at them and smelling them complacently. And after he had smelt them he threw them into a pan without water.
He repeated the same operation many times; and as he drew out the fish, his mouth watered and he said, chuckling to himself:
'What good whiting! . . .'
'What exquisite sardines! . . .'
'These soles are delicious! . . .'
'And these crabs excellent! . . .'
'What dear little anchovies! . . .'
I need not tell you that the whiting, the sardines, the soles, the crabs, and the anchovies were all thrown promiscuously into the pan to keep company with the mullet.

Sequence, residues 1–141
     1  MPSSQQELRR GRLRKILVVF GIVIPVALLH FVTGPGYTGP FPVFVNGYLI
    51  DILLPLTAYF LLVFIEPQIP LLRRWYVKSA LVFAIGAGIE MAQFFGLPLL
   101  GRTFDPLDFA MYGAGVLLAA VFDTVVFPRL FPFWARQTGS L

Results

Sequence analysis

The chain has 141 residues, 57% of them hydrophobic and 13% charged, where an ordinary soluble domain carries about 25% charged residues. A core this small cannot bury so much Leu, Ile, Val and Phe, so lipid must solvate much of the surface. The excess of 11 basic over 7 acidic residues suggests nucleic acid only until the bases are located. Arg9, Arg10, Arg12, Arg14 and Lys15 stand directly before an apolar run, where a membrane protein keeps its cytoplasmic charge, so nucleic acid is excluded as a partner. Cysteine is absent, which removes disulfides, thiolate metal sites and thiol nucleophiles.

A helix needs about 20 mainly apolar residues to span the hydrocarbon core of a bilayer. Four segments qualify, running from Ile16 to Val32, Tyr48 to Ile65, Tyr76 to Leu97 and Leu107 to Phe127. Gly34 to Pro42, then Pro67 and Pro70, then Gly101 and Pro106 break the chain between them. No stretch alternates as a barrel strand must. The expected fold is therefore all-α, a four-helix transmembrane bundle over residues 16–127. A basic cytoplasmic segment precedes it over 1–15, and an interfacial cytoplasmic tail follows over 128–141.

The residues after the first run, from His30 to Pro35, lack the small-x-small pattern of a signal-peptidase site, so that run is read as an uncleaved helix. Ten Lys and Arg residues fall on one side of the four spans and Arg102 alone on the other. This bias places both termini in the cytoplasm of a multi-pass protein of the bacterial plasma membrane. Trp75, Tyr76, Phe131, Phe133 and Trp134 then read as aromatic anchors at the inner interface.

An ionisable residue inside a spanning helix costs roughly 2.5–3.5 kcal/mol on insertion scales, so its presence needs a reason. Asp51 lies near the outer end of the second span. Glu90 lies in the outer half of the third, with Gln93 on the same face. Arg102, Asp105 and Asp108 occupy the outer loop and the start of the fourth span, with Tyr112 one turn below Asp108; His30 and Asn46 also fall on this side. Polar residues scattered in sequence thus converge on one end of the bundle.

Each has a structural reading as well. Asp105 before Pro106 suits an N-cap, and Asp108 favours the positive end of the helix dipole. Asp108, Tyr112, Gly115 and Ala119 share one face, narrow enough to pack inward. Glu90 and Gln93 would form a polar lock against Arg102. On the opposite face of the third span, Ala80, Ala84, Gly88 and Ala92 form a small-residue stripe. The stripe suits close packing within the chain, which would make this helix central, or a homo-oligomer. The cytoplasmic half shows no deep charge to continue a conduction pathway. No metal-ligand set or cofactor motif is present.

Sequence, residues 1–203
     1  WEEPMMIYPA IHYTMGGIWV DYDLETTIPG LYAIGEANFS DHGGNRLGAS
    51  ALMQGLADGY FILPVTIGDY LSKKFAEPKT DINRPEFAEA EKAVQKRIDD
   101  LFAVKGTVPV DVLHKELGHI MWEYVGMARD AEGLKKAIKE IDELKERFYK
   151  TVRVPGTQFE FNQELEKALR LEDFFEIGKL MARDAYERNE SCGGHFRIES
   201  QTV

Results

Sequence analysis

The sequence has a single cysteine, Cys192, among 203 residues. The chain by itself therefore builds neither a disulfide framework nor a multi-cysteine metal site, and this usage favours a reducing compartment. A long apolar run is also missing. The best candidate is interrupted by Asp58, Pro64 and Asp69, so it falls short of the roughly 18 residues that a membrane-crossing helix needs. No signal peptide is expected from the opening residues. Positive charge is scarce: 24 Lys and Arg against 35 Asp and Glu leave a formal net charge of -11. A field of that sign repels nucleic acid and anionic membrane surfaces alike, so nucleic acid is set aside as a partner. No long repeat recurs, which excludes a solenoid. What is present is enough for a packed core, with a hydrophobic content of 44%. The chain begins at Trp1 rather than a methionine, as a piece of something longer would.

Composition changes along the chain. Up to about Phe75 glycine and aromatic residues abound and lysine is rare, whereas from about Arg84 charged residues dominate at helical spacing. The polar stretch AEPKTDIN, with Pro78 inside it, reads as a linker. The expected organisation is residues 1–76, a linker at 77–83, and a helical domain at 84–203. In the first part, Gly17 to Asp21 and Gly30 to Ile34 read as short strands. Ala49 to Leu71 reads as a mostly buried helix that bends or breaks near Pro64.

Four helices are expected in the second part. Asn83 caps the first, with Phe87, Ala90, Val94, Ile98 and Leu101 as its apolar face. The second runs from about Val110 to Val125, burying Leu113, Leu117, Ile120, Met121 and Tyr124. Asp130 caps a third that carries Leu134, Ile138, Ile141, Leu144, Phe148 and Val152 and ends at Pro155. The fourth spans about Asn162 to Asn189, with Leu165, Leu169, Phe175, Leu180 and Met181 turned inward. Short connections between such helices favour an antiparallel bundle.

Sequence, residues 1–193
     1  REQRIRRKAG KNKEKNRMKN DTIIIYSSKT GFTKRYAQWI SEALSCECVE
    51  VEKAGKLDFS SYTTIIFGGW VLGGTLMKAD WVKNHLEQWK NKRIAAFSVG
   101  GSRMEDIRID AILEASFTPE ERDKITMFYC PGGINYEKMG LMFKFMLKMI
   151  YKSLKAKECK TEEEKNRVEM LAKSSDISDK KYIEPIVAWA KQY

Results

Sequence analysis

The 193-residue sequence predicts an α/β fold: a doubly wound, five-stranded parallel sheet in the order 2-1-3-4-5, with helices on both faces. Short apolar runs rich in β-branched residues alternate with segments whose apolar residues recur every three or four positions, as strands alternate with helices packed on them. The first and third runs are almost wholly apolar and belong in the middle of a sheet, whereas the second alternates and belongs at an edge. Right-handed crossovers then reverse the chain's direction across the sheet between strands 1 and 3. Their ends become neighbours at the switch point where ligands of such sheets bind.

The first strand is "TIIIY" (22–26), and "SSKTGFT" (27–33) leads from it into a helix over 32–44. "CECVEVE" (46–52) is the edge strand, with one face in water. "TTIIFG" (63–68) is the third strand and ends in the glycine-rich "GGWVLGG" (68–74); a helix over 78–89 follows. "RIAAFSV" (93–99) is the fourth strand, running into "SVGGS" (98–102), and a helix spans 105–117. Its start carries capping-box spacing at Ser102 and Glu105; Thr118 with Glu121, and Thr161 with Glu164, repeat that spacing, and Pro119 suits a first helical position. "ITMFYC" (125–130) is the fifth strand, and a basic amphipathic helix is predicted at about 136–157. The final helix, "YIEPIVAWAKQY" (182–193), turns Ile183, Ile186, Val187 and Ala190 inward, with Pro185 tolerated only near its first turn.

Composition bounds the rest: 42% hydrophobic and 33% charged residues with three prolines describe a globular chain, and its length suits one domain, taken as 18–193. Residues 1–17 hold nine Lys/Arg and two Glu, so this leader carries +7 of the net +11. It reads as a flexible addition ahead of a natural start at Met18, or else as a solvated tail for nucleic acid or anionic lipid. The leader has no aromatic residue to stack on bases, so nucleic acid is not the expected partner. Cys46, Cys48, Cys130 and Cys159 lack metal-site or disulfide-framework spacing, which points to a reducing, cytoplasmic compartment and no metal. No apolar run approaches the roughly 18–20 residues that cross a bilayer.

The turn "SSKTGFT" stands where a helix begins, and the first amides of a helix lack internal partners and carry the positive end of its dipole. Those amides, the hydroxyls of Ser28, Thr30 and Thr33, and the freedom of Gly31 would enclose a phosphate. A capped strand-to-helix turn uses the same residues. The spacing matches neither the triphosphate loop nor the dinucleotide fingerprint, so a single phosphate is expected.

The last to remain in the net was Pinocchio.
No sooner had the fisherman taken him out than he opened his big green eyes with astonishment, and cried, half-frightened:
'What species of fish is this? Fish of this kind I never remember to have eaten!'
And he looked at him again attentively, and having examined him well all over, he ended by saying:
'I know: he must be a craw-fish.'
Pinocchio, mortified at being mistaken for a craw-fish, said in an angry voice:
'A craw-fish indeed! do you take me for a craw-fish? what treatment! Let me tell you that I am a puppet.'